Cairns' last stand lights up Lord's with joyous mix of skill and power of power and finesse

Chris Cairns, starting his last series for New Zealand, took this first Test match by the ears and gave it a glorious shake for just over an hour on the second morning yesterday. In a match which was becoming submerged by the monotonous seam bowlers of both sides, Cairns strode out of the pavilion and for 61 minutes played an innings that will be spoken of for many years.

Chris Cairns, starting his last series for New Zealand, took this first Test match by the ears and gave it a glorious shake for just over an hour on the second morning yesterday. In a match which was becoming submerged by the monotonous seam bowlers of both sides, Cairns strode out of the pavilion and for 61 minutes played an innings that will be spoken of for many years.

He was quickly off the mark before almost perishing when a top edge flew tantalisingly over cover point's head. He then picked up four overthrows when Andrew Strauss tried to throw the stumps down with Cairns out of his ground and no one backing up.

Perhaps these were the spurs Cairns needed, for without further ado he unleashed an astonishing array of strokes which lit up a rather sombre Lord's on a grey and chilly morning.

Wickets had been falling regularly and when Daniel Vettori was ninth man out at 338, Cairns had reached 38. He had played some magnificent strokes as he drove, pulled and square cut with ease and elegance. He has an extraordinary natural sense of timing that lends power but never violence to his strokeplay. Cairns has perhaps been an underrated cricketer and the injuries he has suffered may have had something to do with this.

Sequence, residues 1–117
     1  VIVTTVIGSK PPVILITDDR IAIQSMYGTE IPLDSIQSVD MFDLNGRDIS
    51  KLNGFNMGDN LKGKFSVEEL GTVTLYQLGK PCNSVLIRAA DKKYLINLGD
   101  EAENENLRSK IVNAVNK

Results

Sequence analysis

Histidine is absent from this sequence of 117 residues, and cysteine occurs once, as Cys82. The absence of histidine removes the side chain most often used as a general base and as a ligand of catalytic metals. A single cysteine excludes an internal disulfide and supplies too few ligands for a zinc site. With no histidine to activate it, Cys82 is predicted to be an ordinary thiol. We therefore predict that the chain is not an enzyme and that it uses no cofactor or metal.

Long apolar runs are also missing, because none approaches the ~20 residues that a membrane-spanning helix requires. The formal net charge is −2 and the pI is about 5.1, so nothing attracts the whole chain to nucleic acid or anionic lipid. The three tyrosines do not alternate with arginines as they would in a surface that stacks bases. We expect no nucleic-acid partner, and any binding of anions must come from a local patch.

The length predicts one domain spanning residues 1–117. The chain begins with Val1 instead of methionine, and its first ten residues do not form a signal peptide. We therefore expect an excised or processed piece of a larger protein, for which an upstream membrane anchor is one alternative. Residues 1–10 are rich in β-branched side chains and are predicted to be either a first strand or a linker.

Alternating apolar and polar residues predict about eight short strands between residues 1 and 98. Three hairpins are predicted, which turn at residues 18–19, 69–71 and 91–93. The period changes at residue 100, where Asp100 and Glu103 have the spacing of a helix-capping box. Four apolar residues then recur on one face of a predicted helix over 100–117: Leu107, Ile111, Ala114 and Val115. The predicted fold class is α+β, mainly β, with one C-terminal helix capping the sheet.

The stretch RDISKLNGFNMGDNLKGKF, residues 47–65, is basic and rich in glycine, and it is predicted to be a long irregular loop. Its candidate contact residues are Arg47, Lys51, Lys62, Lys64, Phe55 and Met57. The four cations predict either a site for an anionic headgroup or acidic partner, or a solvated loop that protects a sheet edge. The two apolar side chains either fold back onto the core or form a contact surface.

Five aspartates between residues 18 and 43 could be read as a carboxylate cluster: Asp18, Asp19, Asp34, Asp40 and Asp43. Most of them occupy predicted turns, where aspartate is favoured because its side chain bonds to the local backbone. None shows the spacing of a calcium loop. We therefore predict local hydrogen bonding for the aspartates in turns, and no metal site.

There is no doubt he is a player tinged with genius. No ordinary mortal could have batted at Lord's as he did when Chris Martin, the last man - who farmed the bowling with skill, including running a frantic bye to the wicketkeeper - joined him.

Steve Harmison, who bowled much better than on Thursday, could only watch in amazement as Cairns made room for himself and drove him over cover's head into the bottom of the Tavern Stand for six. When Andrew Flintoff bowled short, Cairns swivelled and pulled him fiercely, almost on to the scoreboard on the St John's Wood Road side of the ground. This stroke brought him his 86th six in Test cricket, enabling him to beat Viv Richards's record of 85.

After that he made room for himself exactly in the fashion of Richards and drove Flintoff over extra cover for six. It was then Simon Jones's turn to suffer and when he pitched short Cairns again pulled almost effortlessly and sent the ball away square for yet another six. These sixes were interspersed with other lovely strokes that brought him 10 fours besides.

They were all shots which would have found their way into the art gallery of the game. They were pure cricket strokes and Cairns never resorted to crude slogging. Very few batsmen in the history of the game have been blessed with the ability to bat as he did here.

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